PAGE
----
- 35% is paid before delivery of the work.
- 15% is paid within 7 days of completion.
These are normal commercial terms. The promoters and producers and designers will recognise them for what they are, because if they are professionals themselves, they most likely have similar terms in place in their own contracts.
Once implemented, my friend needs to stick to those terms religiously and run a collections system as well.
A simple collections system
A collections system can be very simple, in the above example of 7 days payment terms, it could look something like this:
- On day 8, a friendly reminder email goes out, asking if the invoice has been received and attaching another copy of the invoice. (Use a standard scripted email template)
- On day 15, a phone call is made and a commitment is asked to a date by which the payment will be made in full. (Simple script for the phone call, so you avoid the awkwardness)
- The day after the date the client agreed on, if the payment has not been made, a final demand is sent by email, with a date by which the payment is to be made and stating that: If payment is not made by that date, the debt will be forwarded to a collections agency, and that any collections costs will automatically be added to the outstanding amount. (Another standard scripted email template)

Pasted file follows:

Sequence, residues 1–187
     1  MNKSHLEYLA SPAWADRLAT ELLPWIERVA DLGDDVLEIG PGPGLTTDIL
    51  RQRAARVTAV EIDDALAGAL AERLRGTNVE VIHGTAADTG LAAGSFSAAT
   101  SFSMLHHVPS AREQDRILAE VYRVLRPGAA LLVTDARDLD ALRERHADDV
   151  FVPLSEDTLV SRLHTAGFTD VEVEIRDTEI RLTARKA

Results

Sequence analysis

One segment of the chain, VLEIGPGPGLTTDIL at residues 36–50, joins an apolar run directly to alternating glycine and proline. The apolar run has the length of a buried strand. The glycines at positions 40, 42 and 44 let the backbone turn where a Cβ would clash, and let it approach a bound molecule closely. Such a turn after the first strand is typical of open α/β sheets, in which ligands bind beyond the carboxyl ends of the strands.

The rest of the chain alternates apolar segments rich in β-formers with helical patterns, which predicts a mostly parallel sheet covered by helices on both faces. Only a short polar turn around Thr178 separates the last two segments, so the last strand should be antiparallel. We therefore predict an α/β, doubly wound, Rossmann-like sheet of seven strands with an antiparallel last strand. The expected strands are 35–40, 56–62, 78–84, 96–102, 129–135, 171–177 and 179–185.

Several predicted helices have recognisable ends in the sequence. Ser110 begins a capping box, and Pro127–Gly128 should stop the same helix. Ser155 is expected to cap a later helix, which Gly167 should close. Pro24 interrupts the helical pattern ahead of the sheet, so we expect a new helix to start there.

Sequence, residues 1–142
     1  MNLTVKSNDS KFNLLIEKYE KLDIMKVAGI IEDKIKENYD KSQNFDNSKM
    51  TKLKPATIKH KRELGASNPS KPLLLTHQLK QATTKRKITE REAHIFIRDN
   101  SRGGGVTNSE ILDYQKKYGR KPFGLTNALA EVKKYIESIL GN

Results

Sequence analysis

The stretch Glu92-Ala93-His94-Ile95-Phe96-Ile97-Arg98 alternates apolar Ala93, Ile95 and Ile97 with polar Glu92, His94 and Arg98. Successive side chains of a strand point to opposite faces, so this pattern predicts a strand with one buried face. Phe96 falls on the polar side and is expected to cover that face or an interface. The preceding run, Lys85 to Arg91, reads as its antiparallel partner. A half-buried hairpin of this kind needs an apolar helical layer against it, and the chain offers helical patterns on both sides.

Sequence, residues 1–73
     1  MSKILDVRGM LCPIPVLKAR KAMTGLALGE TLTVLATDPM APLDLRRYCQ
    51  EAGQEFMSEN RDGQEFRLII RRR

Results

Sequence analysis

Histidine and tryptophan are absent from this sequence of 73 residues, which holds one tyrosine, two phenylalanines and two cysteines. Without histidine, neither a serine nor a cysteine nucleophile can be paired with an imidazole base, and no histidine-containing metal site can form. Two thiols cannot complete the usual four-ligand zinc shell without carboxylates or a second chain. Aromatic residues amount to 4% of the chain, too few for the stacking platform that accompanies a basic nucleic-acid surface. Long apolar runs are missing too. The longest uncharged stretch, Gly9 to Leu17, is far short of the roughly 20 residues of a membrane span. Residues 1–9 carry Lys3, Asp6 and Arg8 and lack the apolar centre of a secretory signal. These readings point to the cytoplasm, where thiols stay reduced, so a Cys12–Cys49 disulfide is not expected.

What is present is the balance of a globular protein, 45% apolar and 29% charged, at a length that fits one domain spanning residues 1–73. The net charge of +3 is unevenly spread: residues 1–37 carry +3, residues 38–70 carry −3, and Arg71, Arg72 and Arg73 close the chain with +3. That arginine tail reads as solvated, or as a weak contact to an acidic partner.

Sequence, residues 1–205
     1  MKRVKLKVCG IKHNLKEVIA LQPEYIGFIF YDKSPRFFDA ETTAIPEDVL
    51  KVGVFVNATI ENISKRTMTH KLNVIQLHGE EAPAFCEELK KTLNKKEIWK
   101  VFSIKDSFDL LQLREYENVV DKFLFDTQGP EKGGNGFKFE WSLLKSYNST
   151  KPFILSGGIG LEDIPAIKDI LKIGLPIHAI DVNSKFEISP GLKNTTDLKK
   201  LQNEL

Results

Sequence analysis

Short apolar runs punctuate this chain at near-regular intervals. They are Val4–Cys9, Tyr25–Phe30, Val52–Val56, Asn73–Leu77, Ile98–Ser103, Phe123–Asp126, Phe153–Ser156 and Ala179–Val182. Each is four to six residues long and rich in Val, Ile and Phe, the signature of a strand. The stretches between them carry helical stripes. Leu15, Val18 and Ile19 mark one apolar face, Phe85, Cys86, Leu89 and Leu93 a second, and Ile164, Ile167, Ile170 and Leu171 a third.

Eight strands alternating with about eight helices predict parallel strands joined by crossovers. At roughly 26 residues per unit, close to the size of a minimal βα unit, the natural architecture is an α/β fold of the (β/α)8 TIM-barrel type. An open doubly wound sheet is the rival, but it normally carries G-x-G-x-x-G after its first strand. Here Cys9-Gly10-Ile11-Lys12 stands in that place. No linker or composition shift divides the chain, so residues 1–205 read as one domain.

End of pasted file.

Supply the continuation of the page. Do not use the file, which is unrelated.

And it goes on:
- On this final date, the owner makes a phone call and a last email is sent (more scripts), warning that the debt is about to be passed to the collections agent. Email and phone call will remind the client that collection costs will be added to the debt.
- The next day, the debt is forwarded to the collections agent. The client is advised that this has happened and that any collection costs will now be added to the debt. The business owner ceases to let it bother him or her, because it’s now dealt with by someone else.
This sounds like a harsh and inflexible system.
And it is, or rather it’s professional and clear.
Those people are liars
It needs to be. When people don’t pay, and they are given significant extra time to pay and they make promises to pay, but they don’t, they are liars and they have your money in their pocket.
My friend doesn’t like to implement a simple system such as this, because he thinks the artists won’t respect him in the morning and he (like all of us) really wants to be respected in the morning.
I told my friend three things:
- If you implement a system such as this and you run it religiously, without fear or favour, you will be seen as a professional. In fact this is the most effective way to gain respect.
- Who wants to be respected by people who are liars, who can’t organise their lives like adults and who think it’s ok to treat a person like you as a doormat?
- Payment terms and collections systems, run consistently, work. They generally, at least, halve the number of issues businesses have with slow paying clients.
Implementing a payment and collection system and running it, religiously, means you’ll be treated as a respected business owner, not a doormat… I promise you.